* The day Adams signed the Acts, Thomas Jefferson left town in protest. Even though Jefferson was Vice President, and could theoretically benefit from using the Acts against his own political enemies, he and James Madison continued to protest and work against them. Jefferson wrote the text for a non-binding resolution against the Acts that was adopted by the Kentucky legislature, and James Madison wrote one for Virginia that was adopted by that legislature. Today, in similar fashion, over 100 communities across America have adopted resolutions against Bush's Patriot Act, and, in the spirit of Matthew Lyon, Vermont Congressman Bernie Sanders has introduced legislation to repeal parts of the Act.
* Jefferson beat Adams in the election of 1800 as a wave of voter revulsion over Adams' phony and self-serving "patriotism" swept over the nation (along with concerns about Adams' belligerent war rhetoric against the French). Today, even a minor appearance by Howard Dean or Dennis Kucinich - both on record for repealing much or all of the Patriot Act - draws a large crowd. There's a growing conviction across the nation that Dean - or possibly another non-DLC Democrat - can defeat Bush in 2004.
* When Jefferson exposed Adams as a poseur and tool of the powerful elite, the rot within Adams' Federalist Party was exposed along with it. The Federalists lost their hold on Congress in the election of 1800, and began a 30-year slide into total disintegration (later to be reincarnated as Whigs and then as Republicans). Today, as the Tom Delay and Roy Blount bribery scandals widen, tax cuts for the rich are understood for what they are, and the corporate takeover of America is alarming average citizens, the rot in the Republican Party is more and more obvious. Americans are demanding representation for We, The People, and non-DLC Democrats, Greens, and Progressives can offer it.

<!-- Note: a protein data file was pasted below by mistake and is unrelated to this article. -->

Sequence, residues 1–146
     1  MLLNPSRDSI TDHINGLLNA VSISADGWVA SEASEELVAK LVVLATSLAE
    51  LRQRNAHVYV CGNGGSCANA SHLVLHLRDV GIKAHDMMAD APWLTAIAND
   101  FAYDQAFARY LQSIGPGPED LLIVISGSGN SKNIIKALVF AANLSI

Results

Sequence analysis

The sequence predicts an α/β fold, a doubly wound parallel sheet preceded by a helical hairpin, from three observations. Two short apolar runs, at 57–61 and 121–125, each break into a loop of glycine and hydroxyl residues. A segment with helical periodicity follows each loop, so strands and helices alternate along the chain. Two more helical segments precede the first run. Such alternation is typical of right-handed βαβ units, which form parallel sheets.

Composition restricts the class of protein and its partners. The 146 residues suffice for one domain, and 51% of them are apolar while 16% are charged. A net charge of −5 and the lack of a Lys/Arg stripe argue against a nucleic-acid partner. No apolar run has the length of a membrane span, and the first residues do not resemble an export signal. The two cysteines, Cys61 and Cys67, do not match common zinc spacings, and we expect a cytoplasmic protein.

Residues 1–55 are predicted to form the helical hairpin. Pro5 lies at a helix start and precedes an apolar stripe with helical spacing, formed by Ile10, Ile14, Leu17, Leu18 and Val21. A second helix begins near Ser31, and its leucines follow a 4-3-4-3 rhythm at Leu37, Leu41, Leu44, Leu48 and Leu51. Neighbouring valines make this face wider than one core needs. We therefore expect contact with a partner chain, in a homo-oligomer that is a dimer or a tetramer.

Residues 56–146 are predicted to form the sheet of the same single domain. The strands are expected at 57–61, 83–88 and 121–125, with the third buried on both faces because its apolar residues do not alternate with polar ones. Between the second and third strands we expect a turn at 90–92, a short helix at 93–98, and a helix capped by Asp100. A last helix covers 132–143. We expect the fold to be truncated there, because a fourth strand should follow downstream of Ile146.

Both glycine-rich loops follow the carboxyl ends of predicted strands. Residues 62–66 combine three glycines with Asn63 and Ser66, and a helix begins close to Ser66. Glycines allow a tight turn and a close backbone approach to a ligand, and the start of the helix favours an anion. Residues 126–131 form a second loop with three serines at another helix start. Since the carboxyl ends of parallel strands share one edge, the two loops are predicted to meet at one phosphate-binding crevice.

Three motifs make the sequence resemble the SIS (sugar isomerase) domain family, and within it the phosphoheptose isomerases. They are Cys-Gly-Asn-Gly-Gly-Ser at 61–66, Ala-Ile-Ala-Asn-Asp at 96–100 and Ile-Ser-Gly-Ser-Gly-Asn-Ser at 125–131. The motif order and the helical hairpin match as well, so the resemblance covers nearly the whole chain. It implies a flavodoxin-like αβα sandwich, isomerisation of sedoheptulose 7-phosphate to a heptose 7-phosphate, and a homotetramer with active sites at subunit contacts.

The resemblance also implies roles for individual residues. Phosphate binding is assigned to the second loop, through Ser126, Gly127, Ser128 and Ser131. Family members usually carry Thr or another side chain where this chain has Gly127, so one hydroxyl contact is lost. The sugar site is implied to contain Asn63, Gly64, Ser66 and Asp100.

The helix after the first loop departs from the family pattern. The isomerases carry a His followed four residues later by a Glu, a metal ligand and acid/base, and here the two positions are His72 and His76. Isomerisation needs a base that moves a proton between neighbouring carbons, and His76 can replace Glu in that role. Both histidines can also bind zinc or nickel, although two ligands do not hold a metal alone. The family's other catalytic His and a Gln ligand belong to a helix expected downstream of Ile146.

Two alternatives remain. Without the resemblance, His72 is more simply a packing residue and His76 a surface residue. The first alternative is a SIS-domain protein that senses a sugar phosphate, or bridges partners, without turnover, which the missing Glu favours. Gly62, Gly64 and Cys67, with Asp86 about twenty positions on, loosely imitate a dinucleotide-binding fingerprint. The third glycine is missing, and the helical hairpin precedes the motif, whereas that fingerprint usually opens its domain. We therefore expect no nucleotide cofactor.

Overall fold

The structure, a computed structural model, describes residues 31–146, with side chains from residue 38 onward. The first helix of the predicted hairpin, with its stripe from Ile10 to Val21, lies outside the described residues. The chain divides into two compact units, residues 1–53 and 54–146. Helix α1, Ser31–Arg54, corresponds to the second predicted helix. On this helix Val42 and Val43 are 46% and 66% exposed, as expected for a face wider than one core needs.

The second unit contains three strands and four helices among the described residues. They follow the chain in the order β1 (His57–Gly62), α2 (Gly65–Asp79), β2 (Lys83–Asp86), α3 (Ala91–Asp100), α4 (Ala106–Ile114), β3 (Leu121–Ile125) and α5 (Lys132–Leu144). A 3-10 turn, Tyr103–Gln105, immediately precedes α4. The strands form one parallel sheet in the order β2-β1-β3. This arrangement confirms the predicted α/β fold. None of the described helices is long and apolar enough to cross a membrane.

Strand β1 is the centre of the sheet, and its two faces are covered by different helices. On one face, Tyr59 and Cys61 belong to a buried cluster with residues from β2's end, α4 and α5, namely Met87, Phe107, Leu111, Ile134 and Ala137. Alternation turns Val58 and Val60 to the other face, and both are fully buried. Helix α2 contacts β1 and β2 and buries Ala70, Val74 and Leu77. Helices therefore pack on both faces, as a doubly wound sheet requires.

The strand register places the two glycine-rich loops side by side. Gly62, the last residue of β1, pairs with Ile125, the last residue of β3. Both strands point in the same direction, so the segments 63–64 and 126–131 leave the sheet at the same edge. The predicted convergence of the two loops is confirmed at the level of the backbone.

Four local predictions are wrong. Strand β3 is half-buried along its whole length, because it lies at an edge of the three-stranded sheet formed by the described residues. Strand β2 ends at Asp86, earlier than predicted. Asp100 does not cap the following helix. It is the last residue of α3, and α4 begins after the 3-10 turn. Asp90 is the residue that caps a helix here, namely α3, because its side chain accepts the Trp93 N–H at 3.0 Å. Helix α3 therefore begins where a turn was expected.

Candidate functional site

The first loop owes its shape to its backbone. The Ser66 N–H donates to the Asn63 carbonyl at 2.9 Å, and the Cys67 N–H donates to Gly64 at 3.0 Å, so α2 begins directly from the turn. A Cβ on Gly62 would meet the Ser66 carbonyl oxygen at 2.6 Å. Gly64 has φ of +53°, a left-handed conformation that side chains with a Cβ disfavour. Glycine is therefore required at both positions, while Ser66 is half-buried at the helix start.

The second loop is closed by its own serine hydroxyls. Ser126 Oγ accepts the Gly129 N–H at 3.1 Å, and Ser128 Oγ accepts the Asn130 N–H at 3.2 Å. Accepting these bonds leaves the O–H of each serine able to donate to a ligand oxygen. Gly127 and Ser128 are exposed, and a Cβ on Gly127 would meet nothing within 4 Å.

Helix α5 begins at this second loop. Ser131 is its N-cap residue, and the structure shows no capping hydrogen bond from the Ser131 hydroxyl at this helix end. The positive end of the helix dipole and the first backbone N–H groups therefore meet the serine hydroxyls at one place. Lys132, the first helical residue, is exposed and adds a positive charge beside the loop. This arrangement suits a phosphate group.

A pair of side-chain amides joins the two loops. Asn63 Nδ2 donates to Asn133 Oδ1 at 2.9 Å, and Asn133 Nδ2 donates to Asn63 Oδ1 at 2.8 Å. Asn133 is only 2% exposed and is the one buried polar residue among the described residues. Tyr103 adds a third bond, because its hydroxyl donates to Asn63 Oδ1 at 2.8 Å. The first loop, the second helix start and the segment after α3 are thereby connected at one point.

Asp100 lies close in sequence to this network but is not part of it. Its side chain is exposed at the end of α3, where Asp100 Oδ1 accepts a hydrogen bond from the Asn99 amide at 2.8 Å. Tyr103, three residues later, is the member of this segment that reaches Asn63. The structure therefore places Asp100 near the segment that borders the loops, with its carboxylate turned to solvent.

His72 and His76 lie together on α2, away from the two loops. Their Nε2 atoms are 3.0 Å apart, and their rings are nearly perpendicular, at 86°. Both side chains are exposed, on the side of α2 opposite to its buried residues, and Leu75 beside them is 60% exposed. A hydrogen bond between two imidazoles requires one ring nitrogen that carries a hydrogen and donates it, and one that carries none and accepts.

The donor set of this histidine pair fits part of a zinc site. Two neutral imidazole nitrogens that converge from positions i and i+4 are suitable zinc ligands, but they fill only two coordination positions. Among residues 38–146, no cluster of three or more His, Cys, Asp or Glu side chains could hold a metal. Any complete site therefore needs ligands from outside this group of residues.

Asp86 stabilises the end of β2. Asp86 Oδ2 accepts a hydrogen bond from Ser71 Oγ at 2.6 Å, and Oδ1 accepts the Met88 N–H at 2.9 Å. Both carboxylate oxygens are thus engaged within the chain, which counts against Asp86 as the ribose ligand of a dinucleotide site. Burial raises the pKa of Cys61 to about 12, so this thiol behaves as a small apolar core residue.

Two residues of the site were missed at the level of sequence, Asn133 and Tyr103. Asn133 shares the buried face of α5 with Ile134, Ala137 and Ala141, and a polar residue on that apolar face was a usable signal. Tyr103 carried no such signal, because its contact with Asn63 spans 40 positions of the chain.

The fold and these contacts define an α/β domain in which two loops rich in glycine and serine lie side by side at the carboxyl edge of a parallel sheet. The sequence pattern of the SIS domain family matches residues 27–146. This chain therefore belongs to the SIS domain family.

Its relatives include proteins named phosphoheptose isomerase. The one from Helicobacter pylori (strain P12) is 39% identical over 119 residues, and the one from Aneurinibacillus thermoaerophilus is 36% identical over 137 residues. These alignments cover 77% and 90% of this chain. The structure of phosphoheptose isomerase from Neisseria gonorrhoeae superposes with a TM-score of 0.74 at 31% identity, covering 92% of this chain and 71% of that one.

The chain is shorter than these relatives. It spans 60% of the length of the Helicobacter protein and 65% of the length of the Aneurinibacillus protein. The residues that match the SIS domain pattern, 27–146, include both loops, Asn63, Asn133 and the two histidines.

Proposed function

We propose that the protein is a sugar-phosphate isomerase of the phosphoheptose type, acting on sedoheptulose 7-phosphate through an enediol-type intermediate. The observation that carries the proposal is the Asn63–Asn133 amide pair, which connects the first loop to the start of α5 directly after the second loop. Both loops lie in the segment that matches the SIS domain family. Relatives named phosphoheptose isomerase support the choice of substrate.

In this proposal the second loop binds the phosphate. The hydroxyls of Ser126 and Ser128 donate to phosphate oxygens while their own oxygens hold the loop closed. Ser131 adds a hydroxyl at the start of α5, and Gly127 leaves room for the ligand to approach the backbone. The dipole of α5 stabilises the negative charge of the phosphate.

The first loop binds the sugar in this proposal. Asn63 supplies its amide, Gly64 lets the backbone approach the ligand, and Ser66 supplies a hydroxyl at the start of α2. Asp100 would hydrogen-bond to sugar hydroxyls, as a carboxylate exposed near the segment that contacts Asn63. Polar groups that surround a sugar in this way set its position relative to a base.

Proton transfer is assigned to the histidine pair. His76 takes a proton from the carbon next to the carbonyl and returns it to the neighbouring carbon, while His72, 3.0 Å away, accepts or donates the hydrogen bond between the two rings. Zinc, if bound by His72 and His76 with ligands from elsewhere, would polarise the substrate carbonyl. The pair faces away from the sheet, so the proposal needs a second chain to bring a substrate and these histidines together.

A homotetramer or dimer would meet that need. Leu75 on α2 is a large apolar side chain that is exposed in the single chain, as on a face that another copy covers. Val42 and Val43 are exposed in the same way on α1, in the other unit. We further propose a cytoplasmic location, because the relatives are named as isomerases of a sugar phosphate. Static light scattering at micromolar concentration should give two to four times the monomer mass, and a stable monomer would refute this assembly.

* In what came to be known as "The Revolution of 1800" or "The Second American Revolution," Thomas Jefferson freed all the men imprisoned by Adams as one of his first acts of office. Jefferson even reimbursed the fines they'd paid - with interest - and granted them a formal pardon and apology. Today, undoing the Patriot Act and kicking corporate money out of Washington D.C. have become popular progressive and Democratic campaign themes.
The history of John Adams' failed presidency gives hope and encouragement to those committed to real democracy and genuine freedom. History shows that when enough people become politically active, they can rescue the soul of America from sliding into a corrupt, abusive police state.
The future of our nation is now at risk just as much as it was in 1800: It's time to wake up and work to elect and empower politicians interested in real democracy. If we're successful, America may experience a revival every bit as extraordinary as that brought about by Jefferson's Second American Revolution.
Thom Hartmann (thom at thomhartmann.com) is the author of over a dozen books, including "Unequal Protection: The Rise of Corporate Dominance and the Theft of Human Rights" and "The Last Hours of Ancient Sunlight," and the host of a nationally syndicated daily radio talk show.
www.thomhartmann.com This article is copyright by Thom Hartmann, but permission is granted for reprint in print, email, blog, or web media so long as this credit is attached.